The problem, once again, is that this is only one evangelical way of viewing the Bible, the End Times and, yes, Jerusalem.
So it is true, as the Post story notes, that leaders of the ancient churches -- East and West -- reject this brand of apocalyptic theology. The same is true for the world of liberal Christianity, for different reasons. Thus, readers are told:
The White House recognition of Jerusalem went ahead despite warnings from Pope Francis; the archbishop of Canterbury, who heads the Church of England and is a leader for Anglicans worldwide; and the heads and patriarchs of various churches in Jerusalem. Egypt’s Coptic Church said the decision had disregarded the feelings of millions of Arabs. ...
The White House has repeatedly said it is seeking to better protect Christians in the Middle East. Christians are estimated to make up less than 2 percent of the Palestinian population in the West Bank, Jerusalem and Gaza, a shrinking but influential minority. Most are Greek Orthodox, but they also include Catholics, Lutherans and Anglicans. The evangelical community is a tiny minority.
(By the way, a note for those who want to dig deeper. It is true that most of the Orthodox in Israel and on the West Bank are often called "Greek" Orthodox. It's complicated to explain why, but it's crucial for journalists to realize that we are talking about churches full of Palestinians, Syrians and other people who are Arabs, not Greeks. It would be better to refer to the "Eastern Orthodox" churches in the region.)
The Post team is accurate when it says that evangelicals are a small minority in the Middle East.
However, that does not mean they do not exist and that it is wise to ignore them. For starters, many evangelical missionaries in the region (and the churches and denominations that sponsor them) have done their homework on the lives of Arabs in the region and identify closely with them. Thus, there are lots of evangelicals who (a) do not buy the Christian Zionism playbook and (b) listen carefully to what Arab Christians have to say on issues like, well, Jerusalem.
I know that it would chip away at the mainstream press image of a monolithic evangelical army of bad guys (see the video at the top of this post), but the Washington Post report really needed to say something like this: "... white evangelical voters, who overwhelmingly voted for Trump in last year’s presidential election." And then, "American evangelical Christians -- significant numbers of whom believe that the right of the Jews to Jerusalem is enshrined in the Bible and that their presence there will usher in Judgment Day. ..."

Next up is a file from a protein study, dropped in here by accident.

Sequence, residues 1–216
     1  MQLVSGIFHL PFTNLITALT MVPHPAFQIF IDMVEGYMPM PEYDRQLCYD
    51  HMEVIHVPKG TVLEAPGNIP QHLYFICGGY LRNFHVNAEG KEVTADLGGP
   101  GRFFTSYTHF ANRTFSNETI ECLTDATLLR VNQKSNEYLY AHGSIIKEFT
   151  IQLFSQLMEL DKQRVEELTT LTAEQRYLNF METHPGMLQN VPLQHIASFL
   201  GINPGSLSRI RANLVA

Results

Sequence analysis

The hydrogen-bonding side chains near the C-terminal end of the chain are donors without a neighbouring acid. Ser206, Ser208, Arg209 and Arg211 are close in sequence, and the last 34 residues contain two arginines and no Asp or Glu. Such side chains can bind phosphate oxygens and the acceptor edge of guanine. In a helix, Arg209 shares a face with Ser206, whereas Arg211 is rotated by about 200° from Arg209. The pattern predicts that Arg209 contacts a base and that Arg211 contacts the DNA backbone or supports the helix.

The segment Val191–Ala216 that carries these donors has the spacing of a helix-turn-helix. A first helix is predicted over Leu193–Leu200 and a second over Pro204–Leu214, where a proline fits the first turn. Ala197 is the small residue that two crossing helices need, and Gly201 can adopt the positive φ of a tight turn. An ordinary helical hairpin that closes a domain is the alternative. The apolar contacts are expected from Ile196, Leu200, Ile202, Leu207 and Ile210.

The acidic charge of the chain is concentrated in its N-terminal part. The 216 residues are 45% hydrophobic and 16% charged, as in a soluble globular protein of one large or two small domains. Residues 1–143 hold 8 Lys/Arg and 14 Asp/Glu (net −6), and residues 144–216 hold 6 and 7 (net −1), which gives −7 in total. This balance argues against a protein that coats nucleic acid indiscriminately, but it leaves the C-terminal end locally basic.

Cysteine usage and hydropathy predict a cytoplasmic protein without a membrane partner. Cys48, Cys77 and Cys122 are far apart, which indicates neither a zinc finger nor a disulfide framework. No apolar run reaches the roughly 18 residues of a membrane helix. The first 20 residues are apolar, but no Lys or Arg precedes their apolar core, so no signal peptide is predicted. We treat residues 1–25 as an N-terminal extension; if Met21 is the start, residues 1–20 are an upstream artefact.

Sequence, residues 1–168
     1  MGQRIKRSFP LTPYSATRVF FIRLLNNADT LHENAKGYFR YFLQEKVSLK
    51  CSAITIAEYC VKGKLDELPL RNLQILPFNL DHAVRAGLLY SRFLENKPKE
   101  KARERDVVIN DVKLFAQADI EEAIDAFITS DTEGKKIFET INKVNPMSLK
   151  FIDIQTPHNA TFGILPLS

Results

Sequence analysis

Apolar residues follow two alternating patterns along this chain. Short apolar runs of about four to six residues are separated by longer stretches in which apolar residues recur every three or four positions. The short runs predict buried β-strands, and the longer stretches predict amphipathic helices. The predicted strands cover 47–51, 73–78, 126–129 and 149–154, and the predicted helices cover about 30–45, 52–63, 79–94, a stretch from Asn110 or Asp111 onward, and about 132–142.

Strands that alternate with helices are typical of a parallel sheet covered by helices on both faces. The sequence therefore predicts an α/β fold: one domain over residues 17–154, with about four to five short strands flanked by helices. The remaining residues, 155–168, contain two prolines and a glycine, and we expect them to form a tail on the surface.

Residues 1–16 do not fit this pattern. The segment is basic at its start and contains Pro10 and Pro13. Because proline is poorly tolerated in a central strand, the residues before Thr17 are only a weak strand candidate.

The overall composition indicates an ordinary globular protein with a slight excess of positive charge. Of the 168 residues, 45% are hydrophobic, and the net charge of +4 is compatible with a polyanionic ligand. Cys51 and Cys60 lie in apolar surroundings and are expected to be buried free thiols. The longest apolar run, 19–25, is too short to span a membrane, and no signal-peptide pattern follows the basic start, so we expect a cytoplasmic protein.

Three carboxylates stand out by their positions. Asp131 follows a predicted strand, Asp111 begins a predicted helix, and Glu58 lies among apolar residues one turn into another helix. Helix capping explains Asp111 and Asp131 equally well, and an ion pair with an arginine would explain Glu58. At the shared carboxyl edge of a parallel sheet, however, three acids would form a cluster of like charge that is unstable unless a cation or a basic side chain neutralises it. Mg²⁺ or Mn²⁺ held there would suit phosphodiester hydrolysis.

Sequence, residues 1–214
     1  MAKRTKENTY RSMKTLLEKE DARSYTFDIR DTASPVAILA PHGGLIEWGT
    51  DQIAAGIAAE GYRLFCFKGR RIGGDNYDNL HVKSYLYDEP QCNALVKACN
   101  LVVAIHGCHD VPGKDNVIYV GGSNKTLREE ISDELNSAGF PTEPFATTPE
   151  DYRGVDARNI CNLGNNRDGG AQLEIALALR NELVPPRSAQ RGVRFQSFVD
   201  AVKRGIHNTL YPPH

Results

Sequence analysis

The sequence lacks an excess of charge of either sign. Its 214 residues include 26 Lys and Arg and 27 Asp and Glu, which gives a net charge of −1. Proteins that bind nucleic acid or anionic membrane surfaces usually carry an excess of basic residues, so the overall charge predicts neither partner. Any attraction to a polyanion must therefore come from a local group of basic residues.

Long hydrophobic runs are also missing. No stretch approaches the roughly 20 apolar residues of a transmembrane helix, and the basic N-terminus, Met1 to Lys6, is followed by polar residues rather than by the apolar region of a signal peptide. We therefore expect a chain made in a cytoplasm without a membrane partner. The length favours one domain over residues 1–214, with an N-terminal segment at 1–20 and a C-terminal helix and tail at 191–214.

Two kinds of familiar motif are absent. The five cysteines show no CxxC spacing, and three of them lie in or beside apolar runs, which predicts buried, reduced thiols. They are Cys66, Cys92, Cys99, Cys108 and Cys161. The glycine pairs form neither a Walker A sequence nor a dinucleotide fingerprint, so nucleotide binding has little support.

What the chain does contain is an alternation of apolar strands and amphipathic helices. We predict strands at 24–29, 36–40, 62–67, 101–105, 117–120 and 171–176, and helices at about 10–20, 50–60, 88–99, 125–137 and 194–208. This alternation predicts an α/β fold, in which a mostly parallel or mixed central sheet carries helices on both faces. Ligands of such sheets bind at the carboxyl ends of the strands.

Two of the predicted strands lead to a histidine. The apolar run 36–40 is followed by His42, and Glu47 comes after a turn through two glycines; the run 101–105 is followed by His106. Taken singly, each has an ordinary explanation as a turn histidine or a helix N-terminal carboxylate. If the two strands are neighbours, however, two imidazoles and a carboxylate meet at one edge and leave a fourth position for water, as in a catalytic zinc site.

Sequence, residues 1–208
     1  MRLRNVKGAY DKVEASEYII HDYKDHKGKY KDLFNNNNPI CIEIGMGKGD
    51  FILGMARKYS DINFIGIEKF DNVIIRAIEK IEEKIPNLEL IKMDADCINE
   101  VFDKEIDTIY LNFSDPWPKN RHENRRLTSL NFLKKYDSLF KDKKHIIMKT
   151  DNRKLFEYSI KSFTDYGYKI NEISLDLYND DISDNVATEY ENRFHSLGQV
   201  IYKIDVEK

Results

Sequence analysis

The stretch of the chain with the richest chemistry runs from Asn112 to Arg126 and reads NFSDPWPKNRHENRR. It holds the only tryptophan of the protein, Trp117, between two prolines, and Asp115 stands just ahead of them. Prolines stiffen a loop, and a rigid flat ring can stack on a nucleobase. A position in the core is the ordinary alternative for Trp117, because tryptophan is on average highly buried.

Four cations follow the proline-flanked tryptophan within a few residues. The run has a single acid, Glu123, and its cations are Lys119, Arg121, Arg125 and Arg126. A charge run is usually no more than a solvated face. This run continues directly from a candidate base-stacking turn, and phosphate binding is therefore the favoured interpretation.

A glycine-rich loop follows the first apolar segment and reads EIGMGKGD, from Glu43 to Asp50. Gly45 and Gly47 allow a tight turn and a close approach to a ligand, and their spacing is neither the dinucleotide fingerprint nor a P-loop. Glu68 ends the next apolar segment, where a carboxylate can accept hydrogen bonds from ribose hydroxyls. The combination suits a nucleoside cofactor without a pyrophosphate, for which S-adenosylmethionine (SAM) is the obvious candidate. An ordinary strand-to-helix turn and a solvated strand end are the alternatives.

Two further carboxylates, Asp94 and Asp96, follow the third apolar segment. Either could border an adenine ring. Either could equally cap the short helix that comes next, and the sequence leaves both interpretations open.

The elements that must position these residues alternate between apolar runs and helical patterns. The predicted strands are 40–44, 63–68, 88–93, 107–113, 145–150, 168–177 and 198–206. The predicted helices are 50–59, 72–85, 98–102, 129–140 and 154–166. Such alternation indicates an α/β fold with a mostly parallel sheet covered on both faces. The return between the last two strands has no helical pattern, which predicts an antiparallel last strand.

Then international-desk editors could pay a visit to the newspaper's religion desk team, where it would be easy to obtain contact information to reach evangelicals with other End Times viewpoints, perhaps even missionary leaders with ties to Israel, the West Bank, Jordan, etc.
By the way, there is another interesting angle to this story. As is often the case, these days, it helps to keep an eye on Russia -- where the government has to take the health and survival of the Orthodox churches of the Middle East quite seriously.
Thus, this past spring, Haaretz covered this interesting development:
In an unusual move, the Russian Foreign Ministry issued a statement ... in which it said, for the first time, that in the event of a peace agreement between Israel and the Palestinians, West Jerusalem should be the capital of Israel.
The statement represents a modest shift in the Russian attitude toward the peace process. Previously, the Russians had stressed that East Jerusalem should be the capital of the Palestinian state in any future arrangement, without making any reference to the status of West Jerusalem. Russia does not officially recognize West Jerusalem as Israel's capital, and its embassy is located in Tel Aviv.
What do Arab Orthodox leaders, including those poised to protest Pence's visit, think of that stance?